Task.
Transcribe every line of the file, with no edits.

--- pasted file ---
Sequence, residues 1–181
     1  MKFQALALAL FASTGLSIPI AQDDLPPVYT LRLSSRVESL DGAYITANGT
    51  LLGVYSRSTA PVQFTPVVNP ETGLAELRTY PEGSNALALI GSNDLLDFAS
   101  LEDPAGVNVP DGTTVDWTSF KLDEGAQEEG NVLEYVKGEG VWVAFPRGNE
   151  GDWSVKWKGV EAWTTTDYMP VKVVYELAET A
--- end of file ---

Sequence, residues 1–181
     1  MKFQALALAL FASTGLSIPI AQDDLPPVYT LRLSSRVESL DGAYITANGT
    51  LLGVYSRSTA PVQFTPVVNP ETGLAELRTY PEGSNALALI GSNDLLDFAS
   101  LEDPAGVNVP DGTTVDWTSF KLDEGAQEEG NVLEYVKGEG VWVAFPRGNE
   151  GDWSVKWKGV EAWTTTDYMP VKVVYELAET A